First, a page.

We met our Austrian kayak guide Stephan at Guesthouse Skálafell in southeastern Iceland. The mountains just to the north of us were stacked with glaciers that appeared impenetrable. 

Glacial kayaking is the only option for exploring the girth of Vatnajökull. We paddled the Heinaberg Lagoon at the bottom of the glacier, where calving ice was the end of the road for the glacier. We wrestled into much-needed dry suits, the glacial runoff a frigid 38 degrees. At the lagoon there was utter silence until gargantuan shards of ice broke free, creating rolling chocolate-brown waves that lapped repeatedly on the cobbled shore.

We kayaked toward the back end of the lagoon and donned crampons and ice axes to step onto the glacier. The only signs of life were a delicate piping plover sounding the alarm. Fragile life existing in such harsh conditions is best experienced from a kayak.

Látrabjarg Cliffs

The bird cliffs of Látrabjarg are an 8-kilometer-long jagged, eroding cliff line loaded with thousands of seabirds, and they were something to behold. The cliffs ranged from 400 to 1,200 feet tall. This westernmost point in Iceland is a magnet for 10 species of seabirds, including the largest razorbill colony in the world.

During the day the cliffs were crowded with tourist buses dropping off visitors frothing to catch a glimpse of a puffin or razorbill, but by early evening they virtually vanished. With some patience as sunset approached, I found the cliffs to be ideal for bird watching and photographing. 

The lighthouse overlooking the turbulent Atlantic also watches over a graveyard of shipwrecks. Near midnight, seabirds swarmed the cliff edges, taking in the last rays of warmth before either huddling together on the lofty, guano-covered ledges or nestling into their dark burrows. 

Through binoculars I watched vast squadrons of seabirds leaving the water, frantically flying for the bird cliffs. Razorbills and puffins lined the edges. Farther down the cliff faces, northern fulmars and kittiwakes tended to their needy chicks. Even farther down, common guillemots awkwardly huddled on precarious perches. It was a virtual dorm of seabirds extending westward, few vacancies available overlooking the frigid North Atlantic Ocean.

Snaefellsjökull National Park

Continuing to explore the deep fjords of Iceland, we couldn’t pass up Snaefellsjökull National Park, which consumes much of the western tip of Snaefellsnes peninsula. Snaefell is a stratovolcano cloaked in a 700,000-year-old glacier. On a clear day, it can be seen from Reykjavík 74 miles to the south. When visible, it dominates the stunning landscape within the park.

It’s Iceland’s only national park that extends to the seashore. I picked a nondescript trail leading out to the coast between the sleepy villages of Hellnar and Arnarstapi. The trail followed a jagged shoreline through a nature reserve where rays of sunshine fought through wispy, swirling fog.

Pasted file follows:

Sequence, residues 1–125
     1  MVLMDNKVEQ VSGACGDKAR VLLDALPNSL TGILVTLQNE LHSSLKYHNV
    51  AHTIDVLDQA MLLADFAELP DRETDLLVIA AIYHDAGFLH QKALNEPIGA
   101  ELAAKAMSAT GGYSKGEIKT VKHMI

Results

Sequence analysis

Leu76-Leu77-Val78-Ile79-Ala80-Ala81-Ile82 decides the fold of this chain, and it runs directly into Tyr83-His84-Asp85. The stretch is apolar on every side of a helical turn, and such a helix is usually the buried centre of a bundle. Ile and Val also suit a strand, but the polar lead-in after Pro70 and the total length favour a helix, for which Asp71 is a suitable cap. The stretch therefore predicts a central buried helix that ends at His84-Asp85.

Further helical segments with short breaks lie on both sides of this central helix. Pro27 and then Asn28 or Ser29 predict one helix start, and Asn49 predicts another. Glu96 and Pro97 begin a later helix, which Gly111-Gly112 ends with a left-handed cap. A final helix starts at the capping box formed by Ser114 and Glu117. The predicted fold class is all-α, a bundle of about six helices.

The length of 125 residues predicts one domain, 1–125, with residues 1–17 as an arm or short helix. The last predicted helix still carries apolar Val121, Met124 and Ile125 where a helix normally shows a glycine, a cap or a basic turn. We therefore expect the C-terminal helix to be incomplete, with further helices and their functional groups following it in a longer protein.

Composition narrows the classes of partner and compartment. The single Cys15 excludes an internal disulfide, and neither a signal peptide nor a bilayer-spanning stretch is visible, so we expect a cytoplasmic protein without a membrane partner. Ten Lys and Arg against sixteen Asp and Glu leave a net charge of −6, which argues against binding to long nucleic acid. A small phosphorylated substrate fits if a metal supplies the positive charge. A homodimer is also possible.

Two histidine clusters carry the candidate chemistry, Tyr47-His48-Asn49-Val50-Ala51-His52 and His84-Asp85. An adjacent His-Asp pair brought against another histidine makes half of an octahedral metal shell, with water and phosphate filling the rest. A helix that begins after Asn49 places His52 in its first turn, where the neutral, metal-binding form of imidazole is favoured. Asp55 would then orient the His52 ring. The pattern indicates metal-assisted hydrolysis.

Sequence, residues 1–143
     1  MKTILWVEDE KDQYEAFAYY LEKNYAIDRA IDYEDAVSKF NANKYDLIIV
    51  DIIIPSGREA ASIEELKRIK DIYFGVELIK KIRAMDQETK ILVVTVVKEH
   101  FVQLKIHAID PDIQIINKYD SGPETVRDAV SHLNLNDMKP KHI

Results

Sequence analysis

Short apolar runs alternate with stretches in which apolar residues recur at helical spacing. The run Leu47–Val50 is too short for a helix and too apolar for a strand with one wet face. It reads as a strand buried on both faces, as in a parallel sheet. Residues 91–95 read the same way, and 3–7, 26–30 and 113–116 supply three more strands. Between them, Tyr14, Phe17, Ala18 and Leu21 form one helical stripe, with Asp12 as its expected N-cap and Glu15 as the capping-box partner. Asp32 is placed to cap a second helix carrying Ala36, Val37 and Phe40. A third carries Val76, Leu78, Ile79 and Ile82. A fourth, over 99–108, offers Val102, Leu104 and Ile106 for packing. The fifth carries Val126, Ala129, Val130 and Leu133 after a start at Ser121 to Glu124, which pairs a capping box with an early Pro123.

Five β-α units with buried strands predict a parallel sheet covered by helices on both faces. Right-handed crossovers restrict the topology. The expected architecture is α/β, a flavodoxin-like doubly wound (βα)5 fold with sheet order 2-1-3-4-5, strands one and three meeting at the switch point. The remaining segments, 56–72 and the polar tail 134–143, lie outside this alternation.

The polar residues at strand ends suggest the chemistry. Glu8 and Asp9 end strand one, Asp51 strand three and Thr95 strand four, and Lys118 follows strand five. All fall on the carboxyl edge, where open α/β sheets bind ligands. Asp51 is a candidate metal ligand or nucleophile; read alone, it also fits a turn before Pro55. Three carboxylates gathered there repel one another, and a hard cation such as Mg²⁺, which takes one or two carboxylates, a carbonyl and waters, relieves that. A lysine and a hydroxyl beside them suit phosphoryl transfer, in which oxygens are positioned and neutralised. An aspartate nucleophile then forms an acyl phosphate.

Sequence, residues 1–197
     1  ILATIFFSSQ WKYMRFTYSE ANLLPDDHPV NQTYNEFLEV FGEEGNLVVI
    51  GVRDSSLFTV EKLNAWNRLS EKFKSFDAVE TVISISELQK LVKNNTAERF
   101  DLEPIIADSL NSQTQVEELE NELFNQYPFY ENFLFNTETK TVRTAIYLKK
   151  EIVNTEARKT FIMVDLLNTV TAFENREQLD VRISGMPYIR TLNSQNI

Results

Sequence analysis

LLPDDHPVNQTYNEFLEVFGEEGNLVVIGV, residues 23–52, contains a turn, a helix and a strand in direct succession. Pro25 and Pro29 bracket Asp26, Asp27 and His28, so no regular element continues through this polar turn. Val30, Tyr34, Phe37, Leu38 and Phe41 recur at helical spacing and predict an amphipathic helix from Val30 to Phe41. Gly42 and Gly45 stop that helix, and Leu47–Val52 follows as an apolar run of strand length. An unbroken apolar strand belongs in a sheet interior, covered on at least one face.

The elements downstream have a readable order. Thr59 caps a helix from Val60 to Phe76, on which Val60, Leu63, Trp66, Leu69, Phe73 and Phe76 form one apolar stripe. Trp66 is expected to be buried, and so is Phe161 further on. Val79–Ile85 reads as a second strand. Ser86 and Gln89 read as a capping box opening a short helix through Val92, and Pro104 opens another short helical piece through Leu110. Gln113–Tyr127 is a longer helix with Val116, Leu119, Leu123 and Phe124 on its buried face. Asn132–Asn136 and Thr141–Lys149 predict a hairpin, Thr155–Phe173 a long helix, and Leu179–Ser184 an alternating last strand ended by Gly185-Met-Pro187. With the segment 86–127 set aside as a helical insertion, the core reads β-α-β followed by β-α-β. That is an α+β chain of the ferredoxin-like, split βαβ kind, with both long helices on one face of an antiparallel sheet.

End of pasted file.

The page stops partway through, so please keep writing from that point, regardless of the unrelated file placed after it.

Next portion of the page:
I was the only hiker out there by 10 p.m. The North Atlantic waters were pulsing with an incoming tide and a long interval swell engulfing the black lava rock along the craggy coast. The ocean appeared black and foreboding as I lava-hopped over tangled balls of kelp. Beautiful wildflowers were growing right out of deep cavities in the lava, and then Iceland’s largest land predator surprised me, emerging from a dark volcanic cavity.

An ashy-colored Arctic fox played peekaboo with me from a fortress of volcanic boulders. If it hadn’t stirred I would’ve missed it. I nearly lost it when it darted through a lush green meadow — but I saw the tallest blades waver as the sly little creature tried to ditch me, so I followed it toward the coast. Fleeing the meadow, it tried concealing itself again in the black rocks. The fox flattened itself as best as it could, but I was able to approach within 8 feet. This time it froze, and studied me until I left a few frames later.

On an island so rich in volatile and diverse natural wonders, the Arctic fox seemed like an oxymoron within the land of fire, ice and water. Once the Icelandic winter returns, however, that crafty little rascal’s dark fur will become snow white, adapting to the ever-changing landscapes for which Iceland will always be known.

The bird cliffs of Látrabjarg are so named for the multiple avian species that flock to its edges, including the Atlantic puffin.

The church at Hellnar, an ancient fishing village at the western tip of Snaefellsnes peninsula, is dwarfed by the magnificent landscape surrounding it.

A frigid glacial stream rushes through Snaefellsjökull National Park.

Glacial water feeds the pastures of Heimaey Island, providing ample sustenance for Icelandic horses.

Up close and personal with a razorbill on the bird cliffs of Látrabjarg.

Skógafoss Waterfall plunges over a 200-foot former sea cliff. Iceland’s interior highlands are separated from the coastal lowlands by these eroded cliffs, left behind when the coastline receded seaward.


Back to top